Exposures of Jurassic magmatic rocks in the west-central Mojave Desert provide insight into the changing character of volcanism throughout Jurassic time and the paleogeography of the continental arc. Middle Jurassic explosive volcanism (Lower Sidewinder volcanic series) resulted in collapse of multiple calderas. This was followed by north-south extension broadly coeval with batholith emplacement. Late Jurassic effusive volcanism (Upper Sidewinder volcanic series) appears to reflect transtension over a larger region during intrusion of the Independence dike swarm.

The Lower Sidewinder volcanic series consists of a subaerial, nested caldera complex with an aggregate thickness of >4 km. The first caldera formed during the eruption of crystal-poor rhyolite ignimbrite. Outflow and intracaldera facies are intercalated with quartzose sandstone of probable cratonal provenance. The second caldera formed during the eruption of crystal- rich rhyolite to dacite ignimbrite. This ignimbrite exhibits complex mineralogical zoning and contains two units of probable collapse-related mesobreccia within the 1,400-m-thick intracaldera sequence. A third caldera, nested within the second, is filled with crystal-rich biotite-dacite ignimbrite and tuff breccia. A fourth caldera, largely coincident with the second, formed during eruption of lithic- and pumice-lapilli dacite ignimbrite. Eruption and collapse appear to have been multistage, as several units of reworked tuff and fallout tuff occur within the 1,750-m-thick intracaldera sequence, and caldera collapse breccias occur at the base and near the middle of the sequence. The top of this sequence contains reworked tuffs and epiclastic rocks, suggesting that the fourth caldera provided a posteruptive depocenter for accumulation of sediment.

Normal faulting, tilting, and erosion followed explosive volcanism and was broadly contemporaneous with intrusion of Middle Jurassic porphyritic quartz monzonite plutons. Plutons and tilted Lower Sidewinder volcanic series are intruded and unconformably over-lain by latest Jurassic volcanic rocks (Upper Sidewinder volcanic series). The Upper Sidewinder volcanic series is characterized by alkalic basalt to basaltic andesite and rhyolite lavas, hypabyssal intrusions, and dikes, including the 148 Ma Independence dike swarm. Regional northeast-southwest extension is suggested by the presence of the northwest-striking dike swarm and by bimodal volcanism. The absence of debris-flow deposits and epiclastic rocks suggests an intra-arc region of low relief.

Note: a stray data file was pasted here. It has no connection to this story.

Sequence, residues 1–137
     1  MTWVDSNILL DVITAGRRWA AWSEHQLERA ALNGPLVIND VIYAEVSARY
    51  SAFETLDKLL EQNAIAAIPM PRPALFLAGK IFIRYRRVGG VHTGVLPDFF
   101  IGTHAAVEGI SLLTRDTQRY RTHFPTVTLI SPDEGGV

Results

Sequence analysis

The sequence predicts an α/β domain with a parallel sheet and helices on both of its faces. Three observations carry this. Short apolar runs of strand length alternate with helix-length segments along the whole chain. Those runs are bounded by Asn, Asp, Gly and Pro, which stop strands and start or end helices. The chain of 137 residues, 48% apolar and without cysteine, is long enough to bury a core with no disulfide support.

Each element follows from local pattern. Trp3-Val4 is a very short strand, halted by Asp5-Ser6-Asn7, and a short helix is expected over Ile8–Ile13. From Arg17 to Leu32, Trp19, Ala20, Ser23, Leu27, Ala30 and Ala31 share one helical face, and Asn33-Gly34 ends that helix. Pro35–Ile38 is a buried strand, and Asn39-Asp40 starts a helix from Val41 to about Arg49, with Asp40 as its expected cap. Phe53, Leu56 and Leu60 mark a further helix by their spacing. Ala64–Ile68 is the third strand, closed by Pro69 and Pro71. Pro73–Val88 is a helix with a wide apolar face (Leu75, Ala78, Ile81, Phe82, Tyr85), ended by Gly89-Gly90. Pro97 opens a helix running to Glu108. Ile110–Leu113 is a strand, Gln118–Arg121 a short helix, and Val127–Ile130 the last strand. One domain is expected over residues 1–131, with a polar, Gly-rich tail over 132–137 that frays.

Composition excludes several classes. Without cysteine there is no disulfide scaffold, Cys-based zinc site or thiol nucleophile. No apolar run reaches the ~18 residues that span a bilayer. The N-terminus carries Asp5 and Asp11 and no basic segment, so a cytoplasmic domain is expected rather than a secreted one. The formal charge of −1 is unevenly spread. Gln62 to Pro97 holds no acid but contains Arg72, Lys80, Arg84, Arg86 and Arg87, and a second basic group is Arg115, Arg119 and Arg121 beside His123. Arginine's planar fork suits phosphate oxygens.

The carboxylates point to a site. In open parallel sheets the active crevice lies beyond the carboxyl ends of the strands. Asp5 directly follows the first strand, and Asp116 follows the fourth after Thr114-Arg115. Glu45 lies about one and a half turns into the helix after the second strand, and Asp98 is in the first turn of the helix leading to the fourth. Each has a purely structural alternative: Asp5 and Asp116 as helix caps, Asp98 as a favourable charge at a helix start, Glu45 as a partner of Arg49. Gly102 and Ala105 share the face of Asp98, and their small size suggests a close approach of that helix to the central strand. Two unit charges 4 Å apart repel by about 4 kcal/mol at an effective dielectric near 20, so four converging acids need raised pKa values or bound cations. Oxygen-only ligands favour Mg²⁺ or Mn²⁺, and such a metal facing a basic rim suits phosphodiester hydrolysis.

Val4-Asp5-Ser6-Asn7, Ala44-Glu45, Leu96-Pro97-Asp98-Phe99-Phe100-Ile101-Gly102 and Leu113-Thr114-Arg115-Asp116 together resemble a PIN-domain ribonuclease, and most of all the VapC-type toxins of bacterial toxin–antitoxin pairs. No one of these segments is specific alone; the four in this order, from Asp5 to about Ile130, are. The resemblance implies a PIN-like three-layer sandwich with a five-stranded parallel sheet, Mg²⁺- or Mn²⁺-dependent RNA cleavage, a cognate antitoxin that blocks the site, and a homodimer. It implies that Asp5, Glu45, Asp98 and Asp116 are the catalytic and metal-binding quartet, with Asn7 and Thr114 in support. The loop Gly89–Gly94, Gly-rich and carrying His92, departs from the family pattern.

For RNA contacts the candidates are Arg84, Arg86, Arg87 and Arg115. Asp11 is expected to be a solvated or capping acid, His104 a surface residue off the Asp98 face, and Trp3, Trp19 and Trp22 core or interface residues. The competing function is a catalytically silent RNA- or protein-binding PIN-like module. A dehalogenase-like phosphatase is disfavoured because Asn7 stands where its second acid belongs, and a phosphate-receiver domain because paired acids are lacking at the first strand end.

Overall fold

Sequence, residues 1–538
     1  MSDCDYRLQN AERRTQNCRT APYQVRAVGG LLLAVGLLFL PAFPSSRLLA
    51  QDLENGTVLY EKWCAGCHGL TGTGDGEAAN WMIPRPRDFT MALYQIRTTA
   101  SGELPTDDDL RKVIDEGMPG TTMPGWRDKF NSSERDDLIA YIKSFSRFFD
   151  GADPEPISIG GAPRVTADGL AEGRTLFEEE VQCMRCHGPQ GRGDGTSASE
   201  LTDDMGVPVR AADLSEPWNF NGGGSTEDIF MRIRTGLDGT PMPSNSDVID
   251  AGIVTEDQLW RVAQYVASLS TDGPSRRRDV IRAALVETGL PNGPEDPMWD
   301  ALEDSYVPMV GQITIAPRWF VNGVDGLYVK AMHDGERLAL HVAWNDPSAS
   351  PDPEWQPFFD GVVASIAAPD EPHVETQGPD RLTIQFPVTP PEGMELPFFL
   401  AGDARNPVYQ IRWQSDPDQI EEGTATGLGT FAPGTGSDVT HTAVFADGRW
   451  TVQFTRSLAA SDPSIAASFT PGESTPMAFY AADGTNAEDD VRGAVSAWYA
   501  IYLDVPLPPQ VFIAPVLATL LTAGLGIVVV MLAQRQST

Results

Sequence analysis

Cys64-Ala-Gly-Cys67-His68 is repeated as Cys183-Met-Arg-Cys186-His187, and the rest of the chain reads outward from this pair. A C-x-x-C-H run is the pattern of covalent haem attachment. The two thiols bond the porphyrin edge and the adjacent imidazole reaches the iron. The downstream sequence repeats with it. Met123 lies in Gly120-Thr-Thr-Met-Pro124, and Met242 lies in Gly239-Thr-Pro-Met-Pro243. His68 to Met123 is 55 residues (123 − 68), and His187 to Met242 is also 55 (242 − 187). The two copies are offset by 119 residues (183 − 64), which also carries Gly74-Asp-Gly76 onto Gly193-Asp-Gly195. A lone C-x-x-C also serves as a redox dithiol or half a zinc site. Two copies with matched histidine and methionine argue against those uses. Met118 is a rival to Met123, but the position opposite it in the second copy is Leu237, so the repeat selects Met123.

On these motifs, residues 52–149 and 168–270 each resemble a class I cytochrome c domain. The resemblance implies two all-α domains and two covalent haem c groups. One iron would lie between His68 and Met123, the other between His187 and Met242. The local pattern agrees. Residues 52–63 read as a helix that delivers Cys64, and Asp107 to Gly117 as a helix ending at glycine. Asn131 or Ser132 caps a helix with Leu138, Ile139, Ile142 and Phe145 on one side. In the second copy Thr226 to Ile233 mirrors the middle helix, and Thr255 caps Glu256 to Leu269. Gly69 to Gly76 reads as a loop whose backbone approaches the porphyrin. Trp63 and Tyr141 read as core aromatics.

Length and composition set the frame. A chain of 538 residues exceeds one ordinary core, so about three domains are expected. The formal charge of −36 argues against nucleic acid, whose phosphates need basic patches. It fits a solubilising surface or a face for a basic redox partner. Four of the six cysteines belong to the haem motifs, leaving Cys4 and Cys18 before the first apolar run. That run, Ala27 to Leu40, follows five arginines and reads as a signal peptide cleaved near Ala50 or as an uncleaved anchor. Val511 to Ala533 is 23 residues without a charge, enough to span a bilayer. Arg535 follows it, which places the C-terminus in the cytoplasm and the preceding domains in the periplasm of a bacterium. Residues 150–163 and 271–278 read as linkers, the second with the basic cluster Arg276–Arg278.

Although local caldera-related subsidence was the principal control on accumulation of Lower Sidewinder volcanic rocks, preservation was likely enhanced by Middle Jurassic extension. Late Jurassic extension was of broader regional extent but lesser magnitude because it did not create basins or cause significant tilting of strata. The geometry, timing,and regional setting of Middle and Late Jurassic extension and magmatism suggest a sinistral oblique subduction regime for the Jurassic arc of the southern U.S. Cordillera.

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